Yes, selling is still a numbers game. But, buyer mentalities have changed and so must the sales strategy. Here are 4 basic tips to improve your sales efforts in today’s market:
1. Find a common interest
Sales really has no excuse for NOT finding a common interest or connection with a prospect in today’s world of LinkedIn, Facebook, Twitter, Foursquare, Blogging, Online Groups/Forums/Communities, etc. Do your research and call out the common interest to gain some personal relevance.
Want more info on sales intelligence and social selling? Check out: www.socialsellingu.com
2. Leverage marketing content
Good marketing content has a specific audience, pain point and solution in mind. Offer relevant content to prospects to show that:
-You want to help them
-You’re interested in uncovering whether there’s a “need” before “selling” them on something
-Your company has experience solving the types of problems the prospect is likely experiencing
Check out Howard Sewell’s post on packaging offer content for higher response.
3. Don’t assume they’re a suspect just based on demographics
Just because someone is a CXO at the type of company you work with, don’t assume they’ll fall all over themselves to hire you or buy your product. Maybe they have a need, maybe they don’t. Maybe they’ll have a need later. But, you’ll turn off most prospects by aggressively following up with calls and emails that all have the standard “Just following up with you on my last (insert boring follow up tactic here).”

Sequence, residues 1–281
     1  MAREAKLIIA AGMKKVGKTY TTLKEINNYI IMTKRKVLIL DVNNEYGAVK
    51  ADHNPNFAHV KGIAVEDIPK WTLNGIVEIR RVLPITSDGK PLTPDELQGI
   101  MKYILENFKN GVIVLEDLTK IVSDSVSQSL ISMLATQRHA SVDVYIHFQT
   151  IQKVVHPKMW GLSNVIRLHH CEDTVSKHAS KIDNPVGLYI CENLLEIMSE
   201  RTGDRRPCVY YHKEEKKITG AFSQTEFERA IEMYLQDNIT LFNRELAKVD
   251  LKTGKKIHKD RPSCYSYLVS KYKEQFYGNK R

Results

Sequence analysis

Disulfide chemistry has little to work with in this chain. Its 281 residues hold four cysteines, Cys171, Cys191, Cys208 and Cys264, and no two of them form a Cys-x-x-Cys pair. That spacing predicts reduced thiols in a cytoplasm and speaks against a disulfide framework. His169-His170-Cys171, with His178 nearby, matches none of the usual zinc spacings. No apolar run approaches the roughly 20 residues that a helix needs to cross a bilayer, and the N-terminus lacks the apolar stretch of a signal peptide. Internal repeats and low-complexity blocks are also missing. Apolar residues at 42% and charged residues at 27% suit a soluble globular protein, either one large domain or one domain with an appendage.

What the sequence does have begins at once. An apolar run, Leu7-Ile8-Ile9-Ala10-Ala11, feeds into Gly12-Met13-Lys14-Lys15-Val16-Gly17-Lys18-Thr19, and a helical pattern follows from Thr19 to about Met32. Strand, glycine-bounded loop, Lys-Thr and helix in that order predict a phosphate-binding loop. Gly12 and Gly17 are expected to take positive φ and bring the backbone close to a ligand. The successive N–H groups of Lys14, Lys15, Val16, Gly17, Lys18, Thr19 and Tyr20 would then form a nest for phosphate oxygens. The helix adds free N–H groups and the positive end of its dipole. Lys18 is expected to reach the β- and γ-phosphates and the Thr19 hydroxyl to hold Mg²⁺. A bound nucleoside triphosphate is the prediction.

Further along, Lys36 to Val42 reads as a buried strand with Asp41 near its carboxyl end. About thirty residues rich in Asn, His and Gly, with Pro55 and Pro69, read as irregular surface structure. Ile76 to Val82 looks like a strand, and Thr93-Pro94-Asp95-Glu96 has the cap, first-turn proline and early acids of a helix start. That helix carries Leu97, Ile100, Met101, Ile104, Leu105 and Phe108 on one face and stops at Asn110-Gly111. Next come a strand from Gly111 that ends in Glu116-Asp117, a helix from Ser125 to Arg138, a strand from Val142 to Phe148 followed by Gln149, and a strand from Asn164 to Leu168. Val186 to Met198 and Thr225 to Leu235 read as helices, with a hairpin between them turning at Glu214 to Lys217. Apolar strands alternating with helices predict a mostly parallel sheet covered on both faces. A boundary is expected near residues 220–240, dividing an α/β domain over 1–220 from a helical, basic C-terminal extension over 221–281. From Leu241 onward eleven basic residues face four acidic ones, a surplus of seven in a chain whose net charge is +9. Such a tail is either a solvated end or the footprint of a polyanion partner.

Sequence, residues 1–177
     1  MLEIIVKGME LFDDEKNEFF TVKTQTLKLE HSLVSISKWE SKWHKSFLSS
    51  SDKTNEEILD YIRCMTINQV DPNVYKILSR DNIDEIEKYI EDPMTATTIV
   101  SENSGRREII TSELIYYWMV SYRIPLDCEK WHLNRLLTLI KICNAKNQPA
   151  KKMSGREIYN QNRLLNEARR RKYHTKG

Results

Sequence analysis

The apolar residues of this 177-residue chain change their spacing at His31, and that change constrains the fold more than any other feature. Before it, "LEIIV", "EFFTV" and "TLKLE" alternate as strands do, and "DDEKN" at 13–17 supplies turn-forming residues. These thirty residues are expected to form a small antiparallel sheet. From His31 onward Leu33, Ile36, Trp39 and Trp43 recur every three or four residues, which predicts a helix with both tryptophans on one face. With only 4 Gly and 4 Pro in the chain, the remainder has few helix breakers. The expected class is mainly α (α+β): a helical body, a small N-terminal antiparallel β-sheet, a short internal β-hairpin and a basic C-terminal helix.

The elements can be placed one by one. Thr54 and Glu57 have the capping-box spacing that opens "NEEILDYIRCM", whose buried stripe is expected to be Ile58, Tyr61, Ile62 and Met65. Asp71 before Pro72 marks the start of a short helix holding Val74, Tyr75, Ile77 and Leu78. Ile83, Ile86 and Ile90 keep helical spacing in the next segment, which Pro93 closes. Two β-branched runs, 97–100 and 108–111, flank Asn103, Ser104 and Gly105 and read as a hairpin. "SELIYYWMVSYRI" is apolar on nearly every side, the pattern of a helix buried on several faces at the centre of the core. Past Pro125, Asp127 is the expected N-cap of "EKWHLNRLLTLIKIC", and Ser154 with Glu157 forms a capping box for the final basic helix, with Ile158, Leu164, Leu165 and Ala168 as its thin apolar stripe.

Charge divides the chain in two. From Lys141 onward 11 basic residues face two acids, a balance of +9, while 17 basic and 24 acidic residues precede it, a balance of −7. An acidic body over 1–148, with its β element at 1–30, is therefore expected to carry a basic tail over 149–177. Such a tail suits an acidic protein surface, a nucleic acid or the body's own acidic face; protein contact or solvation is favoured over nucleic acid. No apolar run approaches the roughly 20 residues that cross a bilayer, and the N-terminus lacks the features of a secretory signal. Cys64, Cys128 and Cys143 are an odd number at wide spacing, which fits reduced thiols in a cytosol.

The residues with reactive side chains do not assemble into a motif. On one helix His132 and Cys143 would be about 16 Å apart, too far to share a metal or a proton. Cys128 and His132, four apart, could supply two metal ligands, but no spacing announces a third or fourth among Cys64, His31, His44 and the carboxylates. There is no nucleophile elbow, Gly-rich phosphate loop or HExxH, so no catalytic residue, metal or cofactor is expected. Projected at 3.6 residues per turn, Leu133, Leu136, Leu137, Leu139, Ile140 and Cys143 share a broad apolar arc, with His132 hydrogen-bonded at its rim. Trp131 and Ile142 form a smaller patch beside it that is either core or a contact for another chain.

Instead try continuing to offer helpful tips or offer to connect them with people in your network that they might be interested in meeting. But don’t make them commit to something before they’ve engaged with you. Let the initial engagement be on their terms.
4. Listen (online and offline)
If you’re not “listening” to conversations online as well as offline, you’re losing out on potential opportunities. Your prospects are offering information about their needs all the time – yet many sales people are too focused on “selling” to listen.
Use resources like LinkedIn Groups and user communities to your advantage and “listen” for pain points that you can address. In following up, instead of responding in the community forum with a solution, sometimes it’s better to reach out personally with an offer to help. It seems less “salesy”. Even better, ask a client or partner that’s in the group or community to endorse you.
5 Steps for ROI in social media
Step 1. Set Objectives
Setting objectives may sound kind of simplistic and unrelated to assessments of ROI, but it’s really a critical first step. Without some notion of what you want to achieve, how can you assess ROI?